Mr. Speaker, what I reported yesterday to the hon. member was that we delivered in areas where his party when in government did not. We delivered the universal child care benefit because we believe that parents deserve choice in who raises their children.

I also reported that the provinces receive $250 million a year from us so that they can create child care spaces, because that is their job. They have reported to us that they are creating 60,000 spaces for those parents who choose to put their children into formal day care. We encourage that, as well as the other option of staying home.

Child Care
Oral Questions

2:50 p.m.

Liberal

Ken Dryden York Centre, ON

Mr. Speaker, is the minister aware that when the same questions were asked of child care providers in Halifax, Dartmouth, Fredericton and Saanich on the number of new spaces, they also said, “None”? When asked the number of better spaces and the number of parents who, with this extra money, had withdrawn their kids and were now staying at home, they said, “None” and “None. Zero”.

All across the country it is the same. Is the minister aware of just how wrong her information is?

Child Care
Oral Questions

2:55 p.m.

Haldimand—Norfolk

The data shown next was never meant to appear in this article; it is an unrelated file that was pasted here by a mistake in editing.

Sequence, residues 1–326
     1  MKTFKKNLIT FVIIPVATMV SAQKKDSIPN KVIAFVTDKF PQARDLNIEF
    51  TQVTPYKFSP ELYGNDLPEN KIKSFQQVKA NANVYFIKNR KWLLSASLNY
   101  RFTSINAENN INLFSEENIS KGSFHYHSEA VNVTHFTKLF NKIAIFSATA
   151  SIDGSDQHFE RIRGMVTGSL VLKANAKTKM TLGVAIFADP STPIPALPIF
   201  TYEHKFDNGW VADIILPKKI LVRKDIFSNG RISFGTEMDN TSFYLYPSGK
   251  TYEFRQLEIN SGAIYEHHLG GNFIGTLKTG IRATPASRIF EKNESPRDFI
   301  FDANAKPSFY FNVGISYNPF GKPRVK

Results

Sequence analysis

Ontario

Conservative

Diane Finley Minister of Human Resources and Skills Development

Mr. Speaker, I wonder if the hon. member realizes or is aware of just what a slur he is casting on the provinces. They are saying that they are creating these child care spaces. I believe they are doing what they said they would do and what they said they have done.

Let us look at 13 years of Liberal government. It promised time after time to create child care spaces and to support parents. What did it do over 13 years, including two years with that gentleman as the minister for the portfolio? What did it do? Nothing.

Ethics
Oral Questions

March 5th, 2009 / 2:55 p.m.

NDP

Bill Siksay Burnaby—Douglas, BC

Mr. Speaker, despite attempts by the Conservatives and Liberals to sweep the Cadman affair under the rug, Canadians still have a right to know what really happened. Sadly, the secret deal between the Conservatives and the Liberals appears to be an attempt to leave those questions unanswered.

Given the extremely serious allegations and the weeks of fury they caused in the House, and in the interests of full disclosure and transparency, will the Prime Minister make public all documents that would have been produced as part of the lawsuit?

Ethics
Oral Questions

2:55 p.m.

Nepean—Carleton
Ontario

Conservative

Pierre Poilievre Parliamentary Secretary to the Prime Minister and to the Minister of Intergovernmental Affairs

Mr. Speaker, I thank the hon. member for the question and I am pleased to report to the House that the matter is closed.

Ethics
Oral Questions

2:55 p.m.

NDP

Bill Siksay Burnaby—Douglas, BC

It is not closed to the public, Mr. Speaker.